Born at Roath-Dogfield near Cardiff, the son of a merchant (Brasenose Coll. Reg., i, 139). He graduated B.A. from Brasenose College, Oxford, 29 October 1623 (Foster, Alumni Oxon.); he was incorporated at Cambridge (Queens’ College) in 1624; M.A. from Queens’ in 1626. He subscribed for deacon's orders at Bristol, 23 December 1626 (Venn, Alumni Cantab.), and after being a curate at Newport, Monmouth, was preferred to the living of S. Mary and S. John, Cardiff. He remained there from 7 August 1633 until July 1638 (Foster's Index, N.L.W.).
Together with Walter Cradoc he came into conflict with the bishop of Llandaff in 1634 on account of his Puritan activities. On 20 October 1635 Erbery and William Wroth appeared before the Court of High Commission to answer for their Puritanism (T. Richards, Cymru a'r Uchel Gomisiwn, 39). Wroth submitted to the bishop but Erbery resigned.
During the Civil War he was chaplain to major Skippon's regiment (Chr. Love, Vindication, 36). After the surrender of Oxford, he was in that city opposing the Presbyterian visitors, and on 11 January 1646/7 he disputed in public with Francis Cheynell in the university church. He took part in the debates on the ‘Agreement of the People’ in January 1648 (Clarke Papers, ii, 171-5). He worked in Glamorgan under the terms of the Act for Propagation, and was paid £225 for his pains (Walker MS. c. 13, f. 17), but towards the end of 1651 his scruples about tithes led him to refuse further payment (The Sword Doubled, 3).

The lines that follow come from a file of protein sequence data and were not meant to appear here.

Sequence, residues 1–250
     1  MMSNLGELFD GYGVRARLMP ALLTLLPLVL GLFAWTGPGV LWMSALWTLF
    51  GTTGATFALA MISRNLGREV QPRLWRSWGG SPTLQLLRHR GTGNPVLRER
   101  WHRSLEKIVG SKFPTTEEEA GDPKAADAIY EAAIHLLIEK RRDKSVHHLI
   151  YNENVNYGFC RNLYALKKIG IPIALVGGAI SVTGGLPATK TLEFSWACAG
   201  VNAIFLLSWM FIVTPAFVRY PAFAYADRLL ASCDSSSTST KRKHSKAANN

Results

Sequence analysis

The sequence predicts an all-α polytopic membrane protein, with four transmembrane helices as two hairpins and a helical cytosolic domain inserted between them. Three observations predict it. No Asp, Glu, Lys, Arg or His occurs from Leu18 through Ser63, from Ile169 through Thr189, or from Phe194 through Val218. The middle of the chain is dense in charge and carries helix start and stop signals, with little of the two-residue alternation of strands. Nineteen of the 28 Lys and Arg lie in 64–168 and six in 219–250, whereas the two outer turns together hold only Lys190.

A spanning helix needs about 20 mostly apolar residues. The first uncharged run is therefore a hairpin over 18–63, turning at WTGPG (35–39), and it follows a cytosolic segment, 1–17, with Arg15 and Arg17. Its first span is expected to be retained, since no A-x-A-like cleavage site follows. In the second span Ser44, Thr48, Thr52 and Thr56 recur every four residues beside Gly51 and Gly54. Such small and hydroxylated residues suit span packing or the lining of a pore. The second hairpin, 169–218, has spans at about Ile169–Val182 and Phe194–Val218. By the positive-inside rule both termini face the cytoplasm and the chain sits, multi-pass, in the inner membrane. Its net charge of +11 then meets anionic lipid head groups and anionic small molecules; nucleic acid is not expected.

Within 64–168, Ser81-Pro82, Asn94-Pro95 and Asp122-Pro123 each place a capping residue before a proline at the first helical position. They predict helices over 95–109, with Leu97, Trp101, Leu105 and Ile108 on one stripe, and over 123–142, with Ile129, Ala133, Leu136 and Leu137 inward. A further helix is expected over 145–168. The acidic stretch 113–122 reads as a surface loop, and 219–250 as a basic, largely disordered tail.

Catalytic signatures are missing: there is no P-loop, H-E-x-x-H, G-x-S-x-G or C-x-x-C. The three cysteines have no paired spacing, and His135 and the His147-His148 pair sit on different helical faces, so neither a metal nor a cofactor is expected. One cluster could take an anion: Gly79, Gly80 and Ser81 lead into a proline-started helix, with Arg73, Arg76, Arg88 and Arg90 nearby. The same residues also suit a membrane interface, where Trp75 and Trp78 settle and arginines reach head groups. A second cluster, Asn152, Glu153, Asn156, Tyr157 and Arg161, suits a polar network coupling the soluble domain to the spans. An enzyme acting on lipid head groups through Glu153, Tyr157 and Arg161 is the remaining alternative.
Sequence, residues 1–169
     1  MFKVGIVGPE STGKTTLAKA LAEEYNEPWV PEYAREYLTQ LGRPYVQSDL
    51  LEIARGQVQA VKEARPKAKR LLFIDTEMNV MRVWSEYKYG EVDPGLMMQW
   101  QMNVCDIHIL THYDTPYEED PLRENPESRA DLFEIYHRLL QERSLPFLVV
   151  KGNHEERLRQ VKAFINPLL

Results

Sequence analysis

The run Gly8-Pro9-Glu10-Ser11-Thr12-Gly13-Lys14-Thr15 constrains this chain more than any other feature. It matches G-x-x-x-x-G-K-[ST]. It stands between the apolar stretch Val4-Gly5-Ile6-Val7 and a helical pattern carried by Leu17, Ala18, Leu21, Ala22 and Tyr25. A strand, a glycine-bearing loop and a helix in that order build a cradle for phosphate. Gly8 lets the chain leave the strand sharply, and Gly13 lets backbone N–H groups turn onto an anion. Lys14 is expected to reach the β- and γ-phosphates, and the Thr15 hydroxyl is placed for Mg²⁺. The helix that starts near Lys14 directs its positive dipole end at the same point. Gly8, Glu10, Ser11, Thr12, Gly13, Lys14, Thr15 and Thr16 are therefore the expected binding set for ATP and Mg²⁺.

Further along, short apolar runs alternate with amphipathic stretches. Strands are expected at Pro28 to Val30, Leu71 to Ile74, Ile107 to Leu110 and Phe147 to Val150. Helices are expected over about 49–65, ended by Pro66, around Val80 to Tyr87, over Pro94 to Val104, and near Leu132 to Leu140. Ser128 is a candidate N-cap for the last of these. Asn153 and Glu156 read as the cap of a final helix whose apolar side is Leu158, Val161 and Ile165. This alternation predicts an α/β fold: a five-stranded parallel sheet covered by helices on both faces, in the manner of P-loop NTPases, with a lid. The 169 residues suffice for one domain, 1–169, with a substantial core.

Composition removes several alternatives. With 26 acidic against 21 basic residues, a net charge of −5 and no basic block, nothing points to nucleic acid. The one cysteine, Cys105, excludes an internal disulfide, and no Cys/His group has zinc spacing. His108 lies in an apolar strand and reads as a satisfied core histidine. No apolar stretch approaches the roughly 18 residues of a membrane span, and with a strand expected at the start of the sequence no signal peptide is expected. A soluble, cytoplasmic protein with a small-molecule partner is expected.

In doctrine he leaned towards mysticism, being a disciple of Jacob Boehme. As a result he was haled before the Committee for Plundered Ministers, 8 February 1652/3, to answer for his heresies (Clarke Papers, ii, 233).
He had close connections with the Welsh Puritans, and Morgan Llwyd thought of him as his teacher. He was a violent critic of his co-religionists, and in matters of education opposed the Puritan emphasis on what he called ‘carnal knowledge.’ On 12 October 1653 Erbery and John Webster opposed two others in public debate on this matter at Lombard Street, London (Wood, Athenae, iii, c. 361).
He died in London in April 1654, but his burial place is unknown. His daughter Dorcas became a Quaker and a follower of James Nayler (Mercurius Politicus, no. 350 (7624)).
The most important works of Erbery are included in the volume The Testimony of William Erbery left upon Record for the Saints of Succeeding Ages (London, 1658), but Apocrypha (London, 1652) is omitted from it.
Published date: 1959
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